Go Back to Where You Came from

Ivan O’Mahoney, the composer of the documentary ‘Go back to where you came from’ successfully depicts that discoveries lead inevitably to growth within all individuals. The documentary portrays a journey of self-discovery and knowledge due to what the participants are exposed to.   This is clearly shown through negative connotations, emotionally charged narrations, indirect interviews and camera angles.   These ideas are further portrayed through Shaun Tan’s graphic novel ‘The Red Tree’, which accentuates how discoveries lead to self-growth.
‘Go back to where you came from’ challenges 6 ordinary Australians and their preconceived notions about refugees and asylum seekers by embarking on a confronting journey. Raye Colby, a social worker from South Australia was one of 6 volunteering for this unique social-experiment. She started the journey as a ‘very closed minded’ and ‘tunnel vision’ individual with extremely strong views against refugees and asylum seekers. Episode One exposes Raye’s hate and strong opinion towards the subject matter, she stated ‘when the boat crashed into Christmas Island I thought serve you bloody bastards right!’. This statement is then contrasted with a description of the eutopia like surroundings which is described as a peaceful paradise, until the neighbours moved in, referring to the new refurbished detention centre. Through an indirect interview, Ray also admits that she ‘could have gone over there with a gun and shot the lot of them’. Just this dialogue alone creates a hatred tone and sets the scene.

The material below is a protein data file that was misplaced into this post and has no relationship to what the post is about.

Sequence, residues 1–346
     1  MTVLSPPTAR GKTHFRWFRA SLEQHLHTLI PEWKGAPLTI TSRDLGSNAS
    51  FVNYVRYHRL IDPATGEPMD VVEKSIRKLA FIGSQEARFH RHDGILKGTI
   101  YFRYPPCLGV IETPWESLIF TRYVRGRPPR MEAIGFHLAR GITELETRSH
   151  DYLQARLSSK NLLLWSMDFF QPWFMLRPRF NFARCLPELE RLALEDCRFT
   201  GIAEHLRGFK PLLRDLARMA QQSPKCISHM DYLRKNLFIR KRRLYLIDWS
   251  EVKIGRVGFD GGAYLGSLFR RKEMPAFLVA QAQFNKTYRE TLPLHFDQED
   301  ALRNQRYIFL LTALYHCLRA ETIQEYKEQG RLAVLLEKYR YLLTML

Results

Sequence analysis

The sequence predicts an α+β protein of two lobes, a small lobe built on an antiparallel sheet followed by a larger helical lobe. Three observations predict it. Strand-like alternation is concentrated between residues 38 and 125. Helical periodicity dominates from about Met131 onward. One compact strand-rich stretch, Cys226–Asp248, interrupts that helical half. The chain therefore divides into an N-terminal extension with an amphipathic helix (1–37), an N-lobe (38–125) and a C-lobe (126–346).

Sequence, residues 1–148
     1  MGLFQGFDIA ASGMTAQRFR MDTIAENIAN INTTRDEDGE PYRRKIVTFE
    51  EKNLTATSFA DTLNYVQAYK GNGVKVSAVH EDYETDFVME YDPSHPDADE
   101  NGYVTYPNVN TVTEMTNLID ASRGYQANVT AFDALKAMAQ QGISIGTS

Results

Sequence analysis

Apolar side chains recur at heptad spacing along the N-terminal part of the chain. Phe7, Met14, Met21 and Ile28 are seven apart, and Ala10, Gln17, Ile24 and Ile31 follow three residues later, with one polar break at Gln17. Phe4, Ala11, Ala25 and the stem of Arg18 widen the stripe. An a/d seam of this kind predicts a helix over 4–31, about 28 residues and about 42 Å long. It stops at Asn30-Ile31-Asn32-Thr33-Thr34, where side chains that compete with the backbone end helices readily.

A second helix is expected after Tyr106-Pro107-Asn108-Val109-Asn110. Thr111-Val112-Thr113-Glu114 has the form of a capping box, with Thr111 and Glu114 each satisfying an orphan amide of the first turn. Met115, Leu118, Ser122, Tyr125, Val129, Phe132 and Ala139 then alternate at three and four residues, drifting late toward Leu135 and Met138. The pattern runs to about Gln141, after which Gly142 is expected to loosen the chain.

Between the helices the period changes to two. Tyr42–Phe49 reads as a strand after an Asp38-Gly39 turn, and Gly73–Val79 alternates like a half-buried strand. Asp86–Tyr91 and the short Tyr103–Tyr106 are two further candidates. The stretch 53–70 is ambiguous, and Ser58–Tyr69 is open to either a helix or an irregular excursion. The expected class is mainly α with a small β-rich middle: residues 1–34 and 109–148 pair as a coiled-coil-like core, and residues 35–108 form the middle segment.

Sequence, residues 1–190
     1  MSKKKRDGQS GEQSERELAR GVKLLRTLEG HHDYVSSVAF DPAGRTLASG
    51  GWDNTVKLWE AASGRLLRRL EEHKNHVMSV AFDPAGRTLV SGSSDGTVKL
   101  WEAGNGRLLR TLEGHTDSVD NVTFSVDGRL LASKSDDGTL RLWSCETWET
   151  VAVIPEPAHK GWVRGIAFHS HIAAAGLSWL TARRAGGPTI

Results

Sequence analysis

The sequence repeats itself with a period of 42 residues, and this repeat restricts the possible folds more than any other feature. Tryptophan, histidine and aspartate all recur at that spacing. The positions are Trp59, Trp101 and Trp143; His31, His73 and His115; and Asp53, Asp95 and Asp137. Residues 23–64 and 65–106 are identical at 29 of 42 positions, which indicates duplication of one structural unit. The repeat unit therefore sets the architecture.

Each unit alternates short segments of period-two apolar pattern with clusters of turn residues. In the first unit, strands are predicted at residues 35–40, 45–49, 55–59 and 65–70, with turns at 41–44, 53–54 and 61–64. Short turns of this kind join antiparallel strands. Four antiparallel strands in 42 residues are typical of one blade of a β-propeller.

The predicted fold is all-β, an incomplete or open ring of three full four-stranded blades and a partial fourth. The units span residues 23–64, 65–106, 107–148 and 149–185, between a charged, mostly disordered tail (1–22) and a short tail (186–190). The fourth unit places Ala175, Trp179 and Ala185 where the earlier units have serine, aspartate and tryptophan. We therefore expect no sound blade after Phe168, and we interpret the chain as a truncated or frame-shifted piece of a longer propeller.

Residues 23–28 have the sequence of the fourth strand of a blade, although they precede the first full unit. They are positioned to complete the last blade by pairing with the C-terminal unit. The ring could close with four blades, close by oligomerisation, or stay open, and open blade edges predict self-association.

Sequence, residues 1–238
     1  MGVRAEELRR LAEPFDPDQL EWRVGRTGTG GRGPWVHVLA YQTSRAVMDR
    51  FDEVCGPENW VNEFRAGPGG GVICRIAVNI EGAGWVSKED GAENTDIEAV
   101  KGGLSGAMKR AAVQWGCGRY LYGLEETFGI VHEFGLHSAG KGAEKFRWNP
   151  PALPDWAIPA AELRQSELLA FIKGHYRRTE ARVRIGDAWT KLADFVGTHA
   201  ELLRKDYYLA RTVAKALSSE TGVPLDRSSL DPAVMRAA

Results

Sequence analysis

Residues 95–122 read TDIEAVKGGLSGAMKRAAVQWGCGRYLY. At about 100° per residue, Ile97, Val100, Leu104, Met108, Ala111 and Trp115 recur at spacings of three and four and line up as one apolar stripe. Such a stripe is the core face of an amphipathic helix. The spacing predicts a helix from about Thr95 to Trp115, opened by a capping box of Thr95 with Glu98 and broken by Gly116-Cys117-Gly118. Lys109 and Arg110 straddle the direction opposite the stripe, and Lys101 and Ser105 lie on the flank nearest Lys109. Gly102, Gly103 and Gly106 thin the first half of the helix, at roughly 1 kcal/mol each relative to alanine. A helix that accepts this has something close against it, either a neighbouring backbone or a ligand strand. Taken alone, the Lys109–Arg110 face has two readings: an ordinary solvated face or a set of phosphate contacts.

‘The red tree’ presents a series of images of a young girl who discovers a new world, throughout the pages of the graphic novel. Every page equates to a discovery of dark images encapsulating a sad feeling, but as the pages progress the images lighten, with colour which represents a new found happiness as a result of self-realisation.
The documentary successfully portrays a journey of self-discovery and growth within an individual....